Further objects and advantages of the present invention will become more apparent from the following description with reference being made to the accompanying drawings, wherein a preferred embodiment of the present invention is clearly shown.

In the accompanying drawings:

FIG. 1 is a plan view illustrating a wiper blade and arm assembly of a prior art headlight wiper.

FIG. 6 is a wiring diagram of an electrical circuit for controlling a wiper driving motor which is used with the wiper arm and blade assembly shown in FIG. 3.

Referring to the accompanying drawings and particularly to FIGS. 1 and 2 there are shown two prior art headlight wipers as mentioned before.

In FIG; 1, a pivot shaft 1 is disposed outwardly adjacent to a headlight 3 witn its axis oriented parallel to the beam direction of the headlight 3. A wiper arm '5 is attached to the pivot shaft 1 and carries near its extremityv a wiper blade 7. The unwiped area of the headlight 3 is shown as hatched.

In FIG. 2, a rotary shaft assembly 9 is bonded to the center of a headlight l3, and is provided with a worm wheel 11. A wiper arm 15 attached to the rotary shaft assembly 9 carries at its outer endportion a wiper blade 17. A worm 19 is driven from a motor (not shown) by a cable 21, which meshes with the worm wheel 11 to produce rotation of the rotary shaft assembly 9, the wiper arm 15, and the wiper blade 17 in a direction shown by an arrow A.

The present invention will now bedescribed hereinafter with reference to FIGS. 3 through 6. The invention will be described as applied to a headlight of a motor driven vehicle, but it will be noted that the invention can also be applied to a side mirror or other device having a circular or convex surface.

Referring now to FIGS. 3, 4a, 4b, and 5, there is shown a headlight 30 havinga convex lens 32. The headlight 30 is installed on a motor driven vehicle (not shown) in a conventional manner facing substantially forward.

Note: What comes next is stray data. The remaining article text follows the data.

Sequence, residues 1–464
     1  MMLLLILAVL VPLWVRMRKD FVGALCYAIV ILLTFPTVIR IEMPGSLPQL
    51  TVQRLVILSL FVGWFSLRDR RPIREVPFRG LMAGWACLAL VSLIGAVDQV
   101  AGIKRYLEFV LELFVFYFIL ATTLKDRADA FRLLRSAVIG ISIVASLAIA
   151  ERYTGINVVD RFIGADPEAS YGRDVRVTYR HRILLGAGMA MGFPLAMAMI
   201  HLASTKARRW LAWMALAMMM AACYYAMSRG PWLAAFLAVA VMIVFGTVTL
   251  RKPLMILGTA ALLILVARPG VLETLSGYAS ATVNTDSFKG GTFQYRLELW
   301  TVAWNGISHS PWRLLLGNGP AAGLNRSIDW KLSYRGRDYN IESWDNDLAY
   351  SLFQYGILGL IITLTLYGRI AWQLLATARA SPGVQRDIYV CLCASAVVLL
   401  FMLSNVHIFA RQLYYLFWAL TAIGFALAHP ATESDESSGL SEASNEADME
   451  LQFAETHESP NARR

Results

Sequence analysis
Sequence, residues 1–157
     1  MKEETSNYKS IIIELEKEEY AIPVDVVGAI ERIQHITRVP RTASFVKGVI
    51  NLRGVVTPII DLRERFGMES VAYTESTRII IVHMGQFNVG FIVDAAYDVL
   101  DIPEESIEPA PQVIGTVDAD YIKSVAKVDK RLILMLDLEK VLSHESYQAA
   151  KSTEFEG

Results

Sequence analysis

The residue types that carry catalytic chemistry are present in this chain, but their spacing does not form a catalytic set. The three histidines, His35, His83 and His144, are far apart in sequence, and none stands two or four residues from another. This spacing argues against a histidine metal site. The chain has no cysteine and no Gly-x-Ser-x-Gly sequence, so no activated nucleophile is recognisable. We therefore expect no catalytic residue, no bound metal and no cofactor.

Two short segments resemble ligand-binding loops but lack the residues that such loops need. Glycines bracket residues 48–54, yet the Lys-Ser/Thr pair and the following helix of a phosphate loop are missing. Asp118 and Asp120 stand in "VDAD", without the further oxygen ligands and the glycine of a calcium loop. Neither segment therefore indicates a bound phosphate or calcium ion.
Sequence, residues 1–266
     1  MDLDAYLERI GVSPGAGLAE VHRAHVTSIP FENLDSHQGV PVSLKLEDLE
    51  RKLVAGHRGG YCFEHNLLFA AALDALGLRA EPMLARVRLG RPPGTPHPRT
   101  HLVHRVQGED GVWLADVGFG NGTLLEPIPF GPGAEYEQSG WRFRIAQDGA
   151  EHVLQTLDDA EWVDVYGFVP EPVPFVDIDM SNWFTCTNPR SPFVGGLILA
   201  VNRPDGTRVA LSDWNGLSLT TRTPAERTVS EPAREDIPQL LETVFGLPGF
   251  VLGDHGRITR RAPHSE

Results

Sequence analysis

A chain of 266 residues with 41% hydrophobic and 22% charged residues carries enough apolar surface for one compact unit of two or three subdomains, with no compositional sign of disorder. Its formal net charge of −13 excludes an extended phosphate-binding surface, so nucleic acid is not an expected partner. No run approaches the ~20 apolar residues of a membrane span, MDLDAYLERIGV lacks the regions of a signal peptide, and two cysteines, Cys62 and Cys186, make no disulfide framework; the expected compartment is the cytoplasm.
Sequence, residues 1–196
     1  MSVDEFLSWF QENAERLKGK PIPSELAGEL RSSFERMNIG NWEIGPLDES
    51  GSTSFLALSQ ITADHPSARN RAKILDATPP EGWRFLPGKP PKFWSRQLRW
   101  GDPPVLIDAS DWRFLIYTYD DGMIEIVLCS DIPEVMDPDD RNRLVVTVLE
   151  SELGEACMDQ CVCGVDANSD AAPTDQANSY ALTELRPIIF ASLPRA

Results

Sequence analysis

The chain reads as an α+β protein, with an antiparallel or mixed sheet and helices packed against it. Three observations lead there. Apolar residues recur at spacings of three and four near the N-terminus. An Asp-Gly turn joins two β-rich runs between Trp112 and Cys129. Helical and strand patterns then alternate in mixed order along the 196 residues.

A pivot shaft 34 is disposed at a suitable-location on the vehicle outwardly adjacent to the headlight 30 with its axis oriented normally to the center of the surface of the headlight 30. The pivot shaft 34 is rotatably received in a receptacle 36 securely attached to a suitable portion of the vehicle. A linkage member 38 of a linkage (not shown) for establishing a drivable connection between a wiper motor (not shown) and the pivot shaft 34 is coupled with the pivot shaft 34. A wiper arm 40 is attached to the pivot shaft 34 at one end and has attached to its other end a holder 42. l

The holder 42 at one endportion thereof has formed a pair of lugs 42a. The holder 42 is spring-hinge connected to the end of the wiper arm 40 by means of a hinge pin and spring (not shown), the pin passing through the lugs 42a and the wiper arm 40, so that the holder 42 is at all times pushed toward the lens 32. The holder 42 has formed at the other end portion a pilot slot 42b.